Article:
Australian Cinema in Venice

in 72nd Venice International Film Festival

by Ezio Leoni

Australian cinema was well represented this year in Venice with three films, each in different sections of the festival. These were very three very significant works, two of them debuts.          

Looking for Grace, the sixth film from director Sue Brooks, screened on the festival’s first day. Breathing new life into the shattered-timeline genre, the movie transforms a family tragedy into a kaleidoscopic journey of multiple viewpoints and twists, creating a troubling and unsettling comédie humaine. The main character is a young girl named Grace (Odessa Young) who runs away from home with a friend, headed to a rock concert: on the way, she is seduced by a young man and robbed of the money she has looted from her parent’s safe. The parents, worried about Grace’s sudden disappearance, soon enter the film, alongside a truck driver traveling with his son, an elderly detective, and another protagonist – the prominent Australian landscape. Brooks paints a multi-colored picture of estrangement, in which roads and prairies resemble abstract art, and emotions are compressed due to the accumulation of an inevitable, bitter fate.          

Feelings explode in the style of a Greek tragedy in Simon Stone’s debut The Daughter. In rural New South Wales, where the economy was once sustained by logging, Henry (Geoffrey Rush) decides to close his timber mill. Now a relatively wealthy man, he is focused on his wedding to Hanna, his much younger former maid. The occasion brings home Christian (Paul Schneider), the son who left after his mother’s suicide many years ago. Christian reconnects with his childhood friend Oliver (Ewen Leslie), one of the many who have lost their jobs, and Oliver’s wife and daughter, Charlotte (Miranda Otto) and Hedvig (Odessa Young). Oliver’s father, Walter (Sam Neill), has survived some troubles with the law; he is partially senile and lives a quiet life. In this apparently calm scenario, growing tensions emerge: Christian, who already held Henry responsible for his mother’s death, discovers that she committed suicide because of her husband’s infidelity with his then housemaid, who is shockingly revealed to be Charlotte. Charlotte’s pregnancy and marriage to Oliver occurred around the time that her adulterous relationship with Henry ended.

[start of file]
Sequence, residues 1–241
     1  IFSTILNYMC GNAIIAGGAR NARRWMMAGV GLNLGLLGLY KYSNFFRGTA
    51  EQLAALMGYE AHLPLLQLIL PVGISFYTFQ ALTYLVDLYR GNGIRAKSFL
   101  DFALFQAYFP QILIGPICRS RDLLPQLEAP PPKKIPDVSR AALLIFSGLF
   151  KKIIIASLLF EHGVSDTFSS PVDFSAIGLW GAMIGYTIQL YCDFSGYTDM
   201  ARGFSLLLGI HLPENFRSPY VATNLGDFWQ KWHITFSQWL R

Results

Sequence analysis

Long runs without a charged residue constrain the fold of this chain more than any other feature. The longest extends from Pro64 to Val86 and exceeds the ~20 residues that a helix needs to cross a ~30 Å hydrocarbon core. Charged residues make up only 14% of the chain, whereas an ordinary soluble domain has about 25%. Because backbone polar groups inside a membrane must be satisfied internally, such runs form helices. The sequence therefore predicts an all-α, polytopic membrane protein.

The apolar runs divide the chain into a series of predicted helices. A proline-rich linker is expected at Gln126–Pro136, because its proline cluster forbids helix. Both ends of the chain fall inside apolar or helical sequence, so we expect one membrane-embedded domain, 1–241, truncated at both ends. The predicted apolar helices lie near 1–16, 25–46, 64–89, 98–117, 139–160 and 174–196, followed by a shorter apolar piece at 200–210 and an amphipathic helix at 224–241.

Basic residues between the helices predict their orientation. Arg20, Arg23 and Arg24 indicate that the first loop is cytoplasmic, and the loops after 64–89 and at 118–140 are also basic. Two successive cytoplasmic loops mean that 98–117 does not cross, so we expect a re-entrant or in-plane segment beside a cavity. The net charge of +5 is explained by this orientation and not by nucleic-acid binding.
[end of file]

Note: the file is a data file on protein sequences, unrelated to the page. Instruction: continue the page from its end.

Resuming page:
Somewhere between Aeschylus and Shakespeare, tempered by a Nature in need of protection as much as the wretched humans who inhabit it, The Daughter brings forth its interpersonal dynamics with rising intensity, culminating in a major rupture: the wedding. Christian will not stay silent, Charlotte cannot repair her crumbling family, and the despairing Hedvig, feeling rejected by Oliver, reacts with extreme consequences. Stone manages to orchestrate this dramatic crescendo convincingly. The expert performances of Rush and Neill contrast with the explosive presences of Schneider and Leslie, as well as the troubled spontaneity suggested by Young.            

Where The Daughter relies on the quality of its acting, Bentley Dean and Martin Butler’s Tanna refreshes with its combination of ethnographic documentary and Romeo and Juliet-style romance. In a tribal society in Vanuatu, feuds and arranged marriages are part of a timeless tradition. Tribal leader’s son Dain (Mungau Dain) is forbidden to marry Wawa (Marie Wawa), who has already been promised to another man as part of a peace agreement. Their desperate escape is in vain: the communities beyond the holy volcano which towers over their valley will not provide them with safe haven or tranquility. Punishment and death loom inevitably, and Dain and Wawa are faced with the choice of following the strength of their hearts or the tradition of their people. The story might seem old and familiar, but Dean and Butler, immersing us and themselves in a magical natural world, are able to portray an enticing adventure with characters we empathize with. Waterfalls and ponds appear to purify the routine of everyday living, while both the volcano and the lush green jungle assert themselves with mythical power. The customs of the Yakel people (whose males cover their genitalia with colored grass skirts) become naturalized. In the background, the voice of the volcano – which only the elders and a young girl named Selmi can hear – and the smidgens of sky seen through the ravines suggest some hope that the tribes might reconfigure their ancient law regarding marriage. There is no doubt that Tanna deserved to win the prize of this year’s Critics’ Week: a just tribute to its spontaneity, powerful soundtrack, stunning imagery and homage to an ancestral society.    

Edited by Lesley Chow